Unbelonging : Caryl Phillips and the ethics of disaffiliation

Research output: Book Chapters | Papers in Conference ProceedingsBook ChapterResearchpeer-review

Abstract

This chapter suggest that the task at hand is not to deplore Caryl Phillips’s adherence to old-fashioned humanism, but rather to reconstruct the kind of ethical argument he feels sanctions the literary practice rooted in the conflation of different historical experiences. Phillips’s embrace of cosmopolitanism is most clearly visible in his rejection of both physical rootedness and of a whole range of identity-based claims. The impossibility is an obsessive presence in Phillips’s fictional and nonfictional writings. The difficulty with both of the critical attitudes is that they refuse to take seriously Phillips’s commitment to cosmopolitanism and the attendant moral universalism. Cosmopolitanism is, Phillips seems to suggest, always an unfinished business. As James Ingram points out, cosmopolitanism generally entails a complex dialectic of disaffiliation and moral commitment: when cosmopolitans reject narrow loyalties, they generally do so because they believe that such loyalties stand in the way of cosmopolitanism’s central ethical imperative, religious, should count as objects of moral concern”.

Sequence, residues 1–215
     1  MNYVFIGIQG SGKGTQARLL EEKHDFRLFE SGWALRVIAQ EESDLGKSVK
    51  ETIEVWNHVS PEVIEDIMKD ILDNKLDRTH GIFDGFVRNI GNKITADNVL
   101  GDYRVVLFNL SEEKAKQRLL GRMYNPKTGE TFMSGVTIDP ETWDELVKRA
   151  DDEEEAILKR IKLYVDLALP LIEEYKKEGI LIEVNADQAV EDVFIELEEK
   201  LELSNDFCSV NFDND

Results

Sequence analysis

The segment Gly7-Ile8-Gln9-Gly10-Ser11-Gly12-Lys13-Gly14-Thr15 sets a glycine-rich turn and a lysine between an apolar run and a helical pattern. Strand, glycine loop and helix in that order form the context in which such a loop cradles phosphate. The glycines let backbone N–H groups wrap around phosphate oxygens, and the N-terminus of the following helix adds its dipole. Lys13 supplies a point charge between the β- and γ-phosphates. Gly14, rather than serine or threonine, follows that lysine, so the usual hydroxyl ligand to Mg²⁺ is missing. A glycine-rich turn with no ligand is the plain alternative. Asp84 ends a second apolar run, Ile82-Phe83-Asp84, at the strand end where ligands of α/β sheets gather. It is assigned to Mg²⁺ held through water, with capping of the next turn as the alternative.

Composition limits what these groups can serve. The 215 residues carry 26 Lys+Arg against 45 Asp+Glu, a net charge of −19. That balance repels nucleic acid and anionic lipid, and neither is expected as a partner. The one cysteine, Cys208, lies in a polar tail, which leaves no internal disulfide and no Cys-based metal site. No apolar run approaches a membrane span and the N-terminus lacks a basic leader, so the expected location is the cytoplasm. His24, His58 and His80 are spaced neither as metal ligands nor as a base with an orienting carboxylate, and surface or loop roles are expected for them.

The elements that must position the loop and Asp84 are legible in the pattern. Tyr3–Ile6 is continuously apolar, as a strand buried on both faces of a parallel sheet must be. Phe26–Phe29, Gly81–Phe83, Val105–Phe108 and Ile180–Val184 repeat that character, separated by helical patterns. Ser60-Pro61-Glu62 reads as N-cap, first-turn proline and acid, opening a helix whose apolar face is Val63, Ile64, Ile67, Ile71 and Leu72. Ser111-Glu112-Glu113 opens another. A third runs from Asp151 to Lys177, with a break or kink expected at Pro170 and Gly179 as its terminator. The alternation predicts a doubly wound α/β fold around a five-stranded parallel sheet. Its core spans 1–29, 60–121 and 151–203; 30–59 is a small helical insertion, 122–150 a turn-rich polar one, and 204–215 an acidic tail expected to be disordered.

Original languageEnglish
Title of host publicationThe limits of cosmopolitanism : globalization and its discontents in contemporary literature
EditorsAleksandar STEVIĆ , Philip TSANG
Place of PublicationNew York
PublisherRoutledge
Chapter5
Pages87-104
Number of pages17
ISBN (Electronic)9780429030666
ISBN (Print)9781138502048
DOIs
Publication statusPublished - 2019
Externally publishedYes

Publication series

NameRoutledge Studies in Comparative Literature
PublisherRoutledge

Fingerprint Dive into the research topics of 'Unbelonging : Caryl Phillips and the ethics of disaffiliation'. Together they form a unique fingerprint.

Cite this